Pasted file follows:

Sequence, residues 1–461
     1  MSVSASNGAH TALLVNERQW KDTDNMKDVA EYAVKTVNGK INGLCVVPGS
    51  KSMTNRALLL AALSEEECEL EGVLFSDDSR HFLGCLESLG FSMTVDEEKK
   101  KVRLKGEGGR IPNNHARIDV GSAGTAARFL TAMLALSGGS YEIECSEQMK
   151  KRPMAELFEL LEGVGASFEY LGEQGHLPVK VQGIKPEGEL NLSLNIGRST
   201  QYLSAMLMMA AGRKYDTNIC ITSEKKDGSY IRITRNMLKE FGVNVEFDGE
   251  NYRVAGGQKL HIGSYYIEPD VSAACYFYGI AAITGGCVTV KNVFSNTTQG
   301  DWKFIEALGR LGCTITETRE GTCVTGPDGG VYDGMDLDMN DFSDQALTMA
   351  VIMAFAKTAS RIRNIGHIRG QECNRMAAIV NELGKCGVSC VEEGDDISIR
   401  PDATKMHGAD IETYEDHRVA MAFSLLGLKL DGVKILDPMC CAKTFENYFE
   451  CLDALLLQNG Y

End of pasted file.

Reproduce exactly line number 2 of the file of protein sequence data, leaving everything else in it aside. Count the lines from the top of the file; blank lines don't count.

     1  MSVSASNGAH TALLVNERQW KDTDNMKDVA EYAVKTVNGK INGLCVVPGS